Sutton, Leslie Ernest 1906 - 1992
- English; British
(1906-1992), scientist and university teacher
Leslie Ernest Sutton was born on the 22nd June 1906 in Isleworth, Middlesex, with a later move to Watford. He was educated at Watford Grammar school from 1918-1924. As an outstanding student he was awarded a scholarship to Lincoln College, Oxford, to read chemistry. After gaining a first-class degree in 1928, he started his doctoral research with his tutor N. V. Sidgwick.
A key property of the chemical bond is its electrical polarity, and Sutton spent six months with Peter Debye in Leipzig in 1929, learning how to measure it. He soon became the leading experimentalist using this technique—then almost unique in its ability to reveal the shape of molecules, and he obtained his Oxford doctorate in 1932. That same year he became a junior research fellow at Magdalen College.
In 1933-4 Sutton spent time with Linus Pauling at the California Institute of Technology, as a Rockefeller Foundation fellow. Pauling was developing his ideas on the quantum mechanics of chemical bonding. Sutton not only grasped the implications for his own work, but also learned to measure molecular geometry using electron diffraction. When he returned to Oxford he established an influential programme to relate molecular geometry to electronic structure, and in 1936 he became a tutor and fellow of Magdalen College. His work, recorded in nearly 150 scientific publications, was recognized by the award of British chemistry's most prestigious prizes, the Meldola medal (1932), the Harrison memorial prize (1935), and the Tilden lectureship (1940). He was elected fellow of the Royal Society in 1950, and became a reader in physical chemistry at Oxford in 1962. In 1973 he was made an honorary DSc of Salford University.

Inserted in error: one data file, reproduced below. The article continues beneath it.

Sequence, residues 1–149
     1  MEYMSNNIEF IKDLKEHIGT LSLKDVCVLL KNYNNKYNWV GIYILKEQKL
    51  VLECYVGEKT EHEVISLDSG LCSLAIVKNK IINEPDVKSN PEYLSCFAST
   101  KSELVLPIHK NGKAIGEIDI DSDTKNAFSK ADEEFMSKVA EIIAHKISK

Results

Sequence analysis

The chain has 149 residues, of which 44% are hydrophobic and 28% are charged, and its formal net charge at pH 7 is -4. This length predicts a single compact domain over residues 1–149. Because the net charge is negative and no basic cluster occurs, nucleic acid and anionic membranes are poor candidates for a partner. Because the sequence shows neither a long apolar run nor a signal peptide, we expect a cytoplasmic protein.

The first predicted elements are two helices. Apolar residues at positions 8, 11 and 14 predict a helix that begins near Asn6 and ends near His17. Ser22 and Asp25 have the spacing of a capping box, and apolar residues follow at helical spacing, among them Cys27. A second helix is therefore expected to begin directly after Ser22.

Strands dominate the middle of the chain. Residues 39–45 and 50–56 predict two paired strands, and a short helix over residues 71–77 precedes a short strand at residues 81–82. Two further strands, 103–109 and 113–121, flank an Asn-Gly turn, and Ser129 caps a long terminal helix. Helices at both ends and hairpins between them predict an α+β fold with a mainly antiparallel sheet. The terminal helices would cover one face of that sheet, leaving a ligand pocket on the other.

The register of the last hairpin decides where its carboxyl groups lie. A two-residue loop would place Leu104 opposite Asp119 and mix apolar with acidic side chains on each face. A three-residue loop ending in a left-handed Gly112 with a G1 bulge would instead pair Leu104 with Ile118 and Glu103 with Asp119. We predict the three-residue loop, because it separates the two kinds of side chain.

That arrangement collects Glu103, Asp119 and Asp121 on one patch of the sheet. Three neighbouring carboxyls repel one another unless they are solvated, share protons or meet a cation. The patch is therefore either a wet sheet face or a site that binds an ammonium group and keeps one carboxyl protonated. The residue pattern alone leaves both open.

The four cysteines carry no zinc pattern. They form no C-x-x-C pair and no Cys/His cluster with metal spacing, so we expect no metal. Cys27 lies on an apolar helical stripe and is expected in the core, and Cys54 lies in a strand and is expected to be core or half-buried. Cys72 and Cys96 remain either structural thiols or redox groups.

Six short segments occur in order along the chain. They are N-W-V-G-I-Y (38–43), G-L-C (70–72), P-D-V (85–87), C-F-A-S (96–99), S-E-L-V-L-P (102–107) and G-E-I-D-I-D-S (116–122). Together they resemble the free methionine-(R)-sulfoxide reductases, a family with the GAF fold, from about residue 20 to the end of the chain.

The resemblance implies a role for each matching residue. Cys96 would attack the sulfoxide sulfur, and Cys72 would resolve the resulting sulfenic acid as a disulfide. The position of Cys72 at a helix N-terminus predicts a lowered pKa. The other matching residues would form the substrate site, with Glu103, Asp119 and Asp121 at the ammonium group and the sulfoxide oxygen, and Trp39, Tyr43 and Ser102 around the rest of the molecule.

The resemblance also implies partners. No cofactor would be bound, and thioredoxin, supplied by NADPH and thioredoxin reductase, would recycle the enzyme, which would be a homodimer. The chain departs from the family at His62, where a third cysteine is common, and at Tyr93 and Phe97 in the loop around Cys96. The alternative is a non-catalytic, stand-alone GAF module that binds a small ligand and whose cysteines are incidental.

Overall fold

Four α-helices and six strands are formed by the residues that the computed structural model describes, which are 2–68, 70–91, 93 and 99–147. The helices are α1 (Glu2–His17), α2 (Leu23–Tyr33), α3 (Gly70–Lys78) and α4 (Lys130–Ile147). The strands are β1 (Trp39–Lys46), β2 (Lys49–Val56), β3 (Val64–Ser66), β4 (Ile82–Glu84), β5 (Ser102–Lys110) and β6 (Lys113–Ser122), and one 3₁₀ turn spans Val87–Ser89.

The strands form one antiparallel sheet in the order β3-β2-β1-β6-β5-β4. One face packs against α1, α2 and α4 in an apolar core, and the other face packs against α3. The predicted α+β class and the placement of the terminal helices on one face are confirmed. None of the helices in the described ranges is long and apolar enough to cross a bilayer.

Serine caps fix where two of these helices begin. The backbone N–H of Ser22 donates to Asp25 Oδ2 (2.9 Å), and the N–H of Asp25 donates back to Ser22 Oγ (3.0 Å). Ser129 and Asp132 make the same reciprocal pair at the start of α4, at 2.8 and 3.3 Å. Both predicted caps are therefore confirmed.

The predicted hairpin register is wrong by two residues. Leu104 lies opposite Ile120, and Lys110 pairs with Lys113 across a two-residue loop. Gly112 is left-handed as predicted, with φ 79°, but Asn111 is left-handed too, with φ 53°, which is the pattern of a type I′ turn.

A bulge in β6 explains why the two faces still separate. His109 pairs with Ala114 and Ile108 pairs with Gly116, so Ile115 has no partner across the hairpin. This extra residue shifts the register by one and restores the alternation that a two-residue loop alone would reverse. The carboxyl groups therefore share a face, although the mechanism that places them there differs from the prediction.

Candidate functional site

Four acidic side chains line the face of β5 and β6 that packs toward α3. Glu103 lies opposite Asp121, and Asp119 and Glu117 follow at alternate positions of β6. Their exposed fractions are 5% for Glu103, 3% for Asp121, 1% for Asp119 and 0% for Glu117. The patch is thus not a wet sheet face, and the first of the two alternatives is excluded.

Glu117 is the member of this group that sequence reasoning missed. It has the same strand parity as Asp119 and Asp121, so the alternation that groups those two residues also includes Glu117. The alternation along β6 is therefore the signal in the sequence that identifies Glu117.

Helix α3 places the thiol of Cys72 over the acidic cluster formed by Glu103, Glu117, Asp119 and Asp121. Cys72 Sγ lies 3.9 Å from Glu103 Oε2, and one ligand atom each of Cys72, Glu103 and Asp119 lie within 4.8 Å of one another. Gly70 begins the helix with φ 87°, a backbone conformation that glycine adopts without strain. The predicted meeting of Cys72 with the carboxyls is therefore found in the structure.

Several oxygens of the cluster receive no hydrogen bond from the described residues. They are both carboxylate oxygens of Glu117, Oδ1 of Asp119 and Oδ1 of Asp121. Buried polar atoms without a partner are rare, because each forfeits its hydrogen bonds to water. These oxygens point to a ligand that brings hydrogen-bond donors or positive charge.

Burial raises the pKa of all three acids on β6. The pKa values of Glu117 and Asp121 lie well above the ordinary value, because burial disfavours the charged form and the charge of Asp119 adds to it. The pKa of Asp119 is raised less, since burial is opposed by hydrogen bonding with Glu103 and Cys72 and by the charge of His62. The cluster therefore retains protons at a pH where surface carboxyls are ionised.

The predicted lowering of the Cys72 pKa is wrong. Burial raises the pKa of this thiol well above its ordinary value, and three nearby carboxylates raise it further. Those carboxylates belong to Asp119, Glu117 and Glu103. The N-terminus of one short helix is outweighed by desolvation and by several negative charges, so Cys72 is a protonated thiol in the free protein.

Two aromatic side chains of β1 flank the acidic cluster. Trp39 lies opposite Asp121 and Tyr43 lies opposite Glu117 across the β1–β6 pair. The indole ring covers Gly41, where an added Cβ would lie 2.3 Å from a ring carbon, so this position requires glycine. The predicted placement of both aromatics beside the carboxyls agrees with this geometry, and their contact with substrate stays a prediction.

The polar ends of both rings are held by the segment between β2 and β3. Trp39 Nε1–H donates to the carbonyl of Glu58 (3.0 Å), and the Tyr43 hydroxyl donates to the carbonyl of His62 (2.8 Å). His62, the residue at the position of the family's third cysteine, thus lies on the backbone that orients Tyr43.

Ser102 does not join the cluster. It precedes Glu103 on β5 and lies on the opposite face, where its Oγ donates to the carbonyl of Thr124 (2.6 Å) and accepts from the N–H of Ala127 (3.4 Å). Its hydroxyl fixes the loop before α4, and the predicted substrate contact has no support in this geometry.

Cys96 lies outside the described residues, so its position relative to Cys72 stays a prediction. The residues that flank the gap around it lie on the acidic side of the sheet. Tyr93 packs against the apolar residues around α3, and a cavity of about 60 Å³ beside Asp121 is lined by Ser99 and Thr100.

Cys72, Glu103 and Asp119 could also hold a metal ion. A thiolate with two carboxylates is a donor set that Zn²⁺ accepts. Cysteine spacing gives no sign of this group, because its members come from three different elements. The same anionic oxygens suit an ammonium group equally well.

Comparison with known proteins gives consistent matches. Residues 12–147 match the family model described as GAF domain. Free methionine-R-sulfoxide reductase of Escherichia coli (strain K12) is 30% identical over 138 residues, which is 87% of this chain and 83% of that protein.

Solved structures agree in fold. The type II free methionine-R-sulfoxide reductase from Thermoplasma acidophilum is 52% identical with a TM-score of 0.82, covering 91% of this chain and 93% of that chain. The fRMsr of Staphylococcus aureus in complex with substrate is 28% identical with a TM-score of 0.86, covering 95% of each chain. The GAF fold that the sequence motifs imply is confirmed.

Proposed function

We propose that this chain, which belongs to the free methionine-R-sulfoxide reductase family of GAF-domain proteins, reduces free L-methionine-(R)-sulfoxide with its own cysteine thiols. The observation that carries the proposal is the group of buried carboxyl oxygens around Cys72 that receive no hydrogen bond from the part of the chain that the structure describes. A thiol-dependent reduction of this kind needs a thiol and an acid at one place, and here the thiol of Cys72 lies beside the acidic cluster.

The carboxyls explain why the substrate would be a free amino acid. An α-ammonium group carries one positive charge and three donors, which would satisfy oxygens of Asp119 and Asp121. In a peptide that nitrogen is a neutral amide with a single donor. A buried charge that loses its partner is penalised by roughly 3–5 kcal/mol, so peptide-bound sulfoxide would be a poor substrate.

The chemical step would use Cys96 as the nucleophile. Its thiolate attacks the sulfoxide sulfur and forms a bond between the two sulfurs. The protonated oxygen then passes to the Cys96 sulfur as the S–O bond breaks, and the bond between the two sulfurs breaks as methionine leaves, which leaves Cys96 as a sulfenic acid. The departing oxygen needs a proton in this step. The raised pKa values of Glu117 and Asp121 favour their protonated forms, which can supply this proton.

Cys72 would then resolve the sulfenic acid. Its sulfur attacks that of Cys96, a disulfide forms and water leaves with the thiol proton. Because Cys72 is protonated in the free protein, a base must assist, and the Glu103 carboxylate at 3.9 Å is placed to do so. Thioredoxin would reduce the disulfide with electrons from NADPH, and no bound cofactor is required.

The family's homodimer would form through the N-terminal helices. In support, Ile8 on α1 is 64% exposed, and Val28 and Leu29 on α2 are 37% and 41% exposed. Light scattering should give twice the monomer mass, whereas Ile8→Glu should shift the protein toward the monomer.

He experienced much personal grief. The war separated him from his American wife and their two young children, who were refugees in America. He had married Catharine Virginia Stock in Oxford on 4 August 1932, but she died on 3 February 1962, leaving three children. Rachel Ann Long, née Batten, whom he married on 20 April 1963, and with whom he had two sons, developed multiple sclerosis within a few years, and their life together, before she died on 26 May 1987.
He died at the John Radcliffe Hospital, Oxford, from heart failure on 31 October 1992